I’d like to add a few thoughts on the courtesy flag. We might have a British ensign but I’M TURKISH and we fly the Turkish flag on our starboard spreader. AND it’s not tatty. Us Turks don’t take too kindly to tatty national flags; in fact a friend of mine told me that his Dad got fined for having a dirty old tatty flag – serves him right! I love courtesy flags. It gives you the chance to brighten the place up a bit. So far we’ve only flown the Turkish and Greek flags (oh yes, the Northern Cyprus flag too – no, it’s not the same as the Turkish flag). If we get to Libya we’ll be able to fly their flag. It’s green. That’s all. Just green. The only flag in the world that is just one colour. I quite like the perversity of it.
Can’t wait till we go to Bhutan ‘cos that’s my favourite national flag. It’s yellow and orange with a dragon slipping on some marbles. I told you orange is cat for ‘warning’. Yellow is cat for laughing. Mum says that it’s unlikely that we’ll be sailing round the coast of Bhutan, but I still want the flag.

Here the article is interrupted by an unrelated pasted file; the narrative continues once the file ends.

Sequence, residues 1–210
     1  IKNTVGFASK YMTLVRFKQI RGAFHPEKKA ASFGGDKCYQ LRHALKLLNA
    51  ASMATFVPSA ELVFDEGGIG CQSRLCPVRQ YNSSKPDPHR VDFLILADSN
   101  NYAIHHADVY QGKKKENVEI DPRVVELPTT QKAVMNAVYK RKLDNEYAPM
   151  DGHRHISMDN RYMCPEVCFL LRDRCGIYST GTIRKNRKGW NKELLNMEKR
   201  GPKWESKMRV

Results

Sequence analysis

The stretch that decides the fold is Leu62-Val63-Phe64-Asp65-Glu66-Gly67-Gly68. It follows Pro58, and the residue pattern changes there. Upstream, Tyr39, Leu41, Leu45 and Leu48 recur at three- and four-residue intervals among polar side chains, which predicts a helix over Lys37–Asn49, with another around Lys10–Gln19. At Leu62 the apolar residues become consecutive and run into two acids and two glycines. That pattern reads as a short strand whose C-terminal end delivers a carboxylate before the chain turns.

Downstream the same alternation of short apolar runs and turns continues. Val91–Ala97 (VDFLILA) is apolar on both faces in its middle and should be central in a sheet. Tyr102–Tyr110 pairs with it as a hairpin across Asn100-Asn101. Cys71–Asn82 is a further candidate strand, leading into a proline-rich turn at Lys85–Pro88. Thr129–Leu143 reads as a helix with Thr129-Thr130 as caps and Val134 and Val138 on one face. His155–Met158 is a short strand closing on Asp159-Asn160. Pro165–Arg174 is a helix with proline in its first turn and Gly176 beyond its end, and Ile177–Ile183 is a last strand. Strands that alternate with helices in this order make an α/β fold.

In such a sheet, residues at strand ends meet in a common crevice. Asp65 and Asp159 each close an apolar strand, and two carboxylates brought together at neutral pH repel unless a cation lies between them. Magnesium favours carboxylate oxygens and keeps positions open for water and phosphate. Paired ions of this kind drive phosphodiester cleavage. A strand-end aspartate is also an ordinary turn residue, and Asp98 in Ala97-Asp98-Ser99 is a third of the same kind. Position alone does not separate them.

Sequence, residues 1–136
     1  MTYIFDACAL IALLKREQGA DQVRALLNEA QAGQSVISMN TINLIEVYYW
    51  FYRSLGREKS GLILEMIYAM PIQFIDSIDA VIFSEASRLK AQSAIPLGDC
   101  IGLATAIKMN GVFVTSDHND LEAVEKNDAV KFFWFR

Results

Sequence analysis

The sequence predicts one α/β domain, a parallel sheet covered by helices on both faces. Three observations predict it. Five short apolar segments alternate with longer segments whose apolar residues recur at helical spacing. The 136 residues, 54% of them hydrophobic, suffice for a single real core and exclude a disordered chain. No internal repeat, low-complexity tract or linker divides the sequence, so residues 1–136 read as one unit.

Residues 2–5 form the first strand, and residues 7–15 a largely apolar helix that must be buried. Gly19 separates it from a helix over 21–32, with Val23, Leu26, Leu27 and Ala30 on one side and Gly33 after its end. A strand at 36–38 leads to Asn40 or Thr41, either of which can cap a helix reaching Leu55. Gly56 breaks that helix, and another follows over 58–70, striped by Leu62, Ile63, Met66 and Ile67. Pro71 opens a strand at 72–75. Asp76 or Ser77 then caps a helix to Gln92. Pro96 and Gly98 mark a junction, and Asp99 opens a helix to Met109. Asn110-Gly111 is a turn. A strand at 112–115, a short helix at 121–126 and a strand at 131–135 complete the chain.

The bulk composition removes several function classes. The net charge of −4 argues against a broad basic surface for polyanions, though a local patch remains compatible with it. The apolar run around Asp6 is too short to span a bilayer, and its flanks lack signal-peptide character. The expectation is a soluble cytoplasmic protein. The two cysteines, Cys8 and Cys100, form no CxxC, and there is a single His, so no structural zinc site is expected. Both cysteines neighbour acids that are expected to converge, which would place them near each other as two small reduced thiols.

The other thing I’m supposed to tell you about is etiquette for ‘dressing’ the boat, using signal flags. I found this from the Norfolk and Suffolk Boating Association (yawn):
‘Dressed Overall’ for private occasions – such as an Open regatta day. Yachts dressed overall make a wonderful spectacle and add to the atmosphere of any regatta. At the mast head the correct burgee with an appropriate ensign should be worn; if the yacht has two masts then it may fly a house flag at the mizzen truck. There is no single correct order for code flags used in dressing overall, but it is important to avoid any unintended signal through a particular sequence of flags and desirable to evenly spaced pendants. The order given here has been approved by the Admiralty and will avoid any confusion:
Bow to mast head: B, Q, U, 2nd substitute, L, Numberal 8, T, P, Numeral 5, S, Numeral 9, X,Z,3rd Substitute, R, Numeral 0, C, G, Answering Pendant, D.
Mast head to stern W, Numeral 4, E, F, Numeral 7, N, Numeral 6, J, O, Numeral 3, H, Numeral 2, Y, M, Numeral 1, K, 1st Substitute, V, I, A.
On a national occasion, it becomes correct to fly an ensign at the mast head. If abroad it would be correct etiquette to fly that country’s ensign on the taff rail.
Finally. Did you know that the flag of Nepal is the only national flag in the world that is not a quadrilateral? Neither did I. My Mum probably won’t let us sail round that coast either. She can be a bit bossy.
I’m quite good at vexillology. Mum says I’m rubbish at geography though.